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The mission is murder. 

The buzz word is fly!

In the name of fair play, I did warn them.  I said, “If you don’t leave this premises, you will die! This is not your home. You are not allowed to gather here!”

But, they cannot help themselves. 

It seems they have invited swarms more. The house is a buzz of activity.  I am not as hospitable as they have assumed.  They have over-stayed their welcome and have gotten on my last nerve.

They are pests. Pests that like to do the backstroke in my morning coffee or drown in it. They bug me, these uninvited guests. They steal the very food from my plate – pests. Their flying buddies like to swan dive into my hair or fly up my nose. They don’t understand the word, ‘No!’ It amuses these pests to touch my body with their creepy little insect feelers. They won’t stop.  It gives them a buzz then they get high! They just won’t stop irritating me, even going as far as landing on my hands as I type this!

Enough! 

The mission is now murder!

Fly swatter in hand, I am in full stealth mode.  My trusty cat is assisting me in stalking the many-eyed prey! It seems that they have pestered her beyond her limits as well.  She alerts me to their presence with her surreptitious cat call.

The flies think they will out smart me by camouflaging themselves on dark furniture or hiding in plain sight.  I suppose they assume they can out maneuver me since they have thousands of watchful eyes observing my every move.

 “Wrong!”

The swat team and I have taken down a number of assailants.  Their bodies are piling up!  Some of the fly survivors are conducting forensics on the dead or perhaps they are cannibals foraging on their own kind. 

They get the smack down.  At times, it’s a smorgasbord; multiple bodies with one swat or a two for one deal – a regular kill pattern for this experienced swat team.

It’s war. We have no mercy, the pests were forewarned!

Finally, after an hour of stalking and murdering flies, it has gone deathly quiet.  The pests that are left have gone underground or into cracks or crevices. They are difficult to find. 

But, I am smarter than a fly. I will patiently outwit them.

I only need to wait until the time is right before I raid their fly encampments.  For now though, the swat team has further business to take care of.  Death is cumbersome and we must dispose of the multitude of fly corpses before their living relatives feel the sting of the upcoming raid. There will be more bodies. The remains will be disposed of.  This is not a game. This is war; I must take time to plan the next siege on these pests before the next swarm appears.  These pests have eyes everywhere.  I dare not rest, the swat team and I need to plan and perhaps rally more troops.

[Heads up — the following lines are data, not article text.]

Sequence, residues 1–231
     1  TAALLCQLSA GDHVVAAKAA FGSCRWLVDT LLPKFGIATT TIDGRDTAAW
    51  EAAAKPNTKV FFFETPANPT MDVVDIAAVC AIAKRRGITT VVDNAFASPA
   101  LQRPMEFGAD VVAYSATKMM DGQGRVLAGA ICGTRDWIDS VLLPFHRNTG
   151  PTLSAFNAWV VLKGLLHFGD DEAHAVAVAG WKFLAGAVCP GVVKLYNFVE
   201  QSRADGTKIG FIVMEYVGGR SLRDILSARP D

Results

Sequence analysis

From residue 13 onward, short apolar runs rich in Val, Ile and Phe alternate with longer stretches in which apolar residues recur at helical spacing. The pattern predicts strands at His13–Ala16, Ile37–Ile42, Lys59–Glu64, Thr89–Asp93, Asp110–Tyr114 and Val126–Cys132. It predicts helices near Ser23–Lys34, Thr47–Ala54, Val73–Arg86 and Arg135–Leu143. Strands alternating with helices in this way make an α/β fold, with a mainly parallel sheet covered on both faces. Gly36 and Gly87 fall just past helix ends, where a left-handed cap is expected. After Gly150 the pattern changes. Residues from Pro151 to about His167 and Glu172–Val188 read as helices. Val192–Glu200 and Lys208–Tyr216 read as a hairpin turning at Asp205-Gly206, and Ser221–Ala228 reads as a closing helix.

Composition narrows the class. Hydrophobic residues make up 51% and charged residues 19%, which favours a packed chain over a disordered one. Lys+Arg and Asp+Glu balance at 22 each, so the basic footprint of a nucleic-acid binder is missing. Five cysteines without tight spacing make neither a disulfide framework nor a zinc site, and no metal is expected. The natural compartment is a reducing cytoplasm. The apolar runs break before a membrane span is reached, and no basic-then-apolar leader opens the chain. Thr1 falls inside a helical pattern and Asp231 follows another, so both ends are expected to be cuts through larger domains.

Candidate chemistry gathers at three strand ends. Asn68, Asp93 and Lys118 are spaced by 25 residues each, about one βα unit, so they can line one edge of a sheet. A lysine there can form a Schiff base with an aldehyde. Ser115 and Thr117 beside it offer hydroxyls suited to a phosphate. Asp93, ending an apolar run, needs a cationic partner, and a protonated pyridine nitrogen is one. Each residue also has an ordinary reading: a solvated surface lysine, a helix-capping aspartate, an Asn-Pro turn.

In the meantime, if any of you have had the intention of visiting in the form of an insect or let’s say; a fly on the wall; beware – my buzz word this season is, ‘Fly,’ and I’m on a murder mission.

All other company is welcome! Please feel free to bring your own swatter! Be prepared to raid flying pests when necessity warrants.

 

Thank-you for following, reading, sharing and commenting – The Trefoil Muse

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“Who let the dogs out?”

The Sun let the dogs out!

Obviously, the Sun’s dogs needed out for a good run, perhaps they’d been penned up for too long of a stretch or maybe they just needed to get out and howl at the full moon last week.  Dogs can be very insistent when they want outside.  Madam Sun probably coined the term, ‘hounded!’  In which case, I am totally able to relate to her or even sympathize!

Dog Owner Beware!

(more…)

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Compassion is about forgiveness;                                                  Learn how to forgive;                          
Start with yourself...

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She drifted on an endless tide.  Emotions lapped at her sides like waves.  Some passed her by believing her to be redundant.  Others saw her value and tried to bring her aboard.  She was very desirable, a streamline, timeless vision.  Her knotted, gnarly appearance only added to her mystic. Along with her intrigue, she held little bark. Truly, a quality piece, one that they could work with but her weight was camouflaged within her well hewn exterior and to their surprise, she was heavy.

They pulled, tugged, heaved and attempted to rope her in to no avail. (more…)

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Trust in your instincts;

Follow your heart without delay;

This is how you become a leader.

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I know patience is a virtue but could you please hurray up!said the Turtle to the Snail.

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When you judge another; You are judging yourself; Let go of your illusions.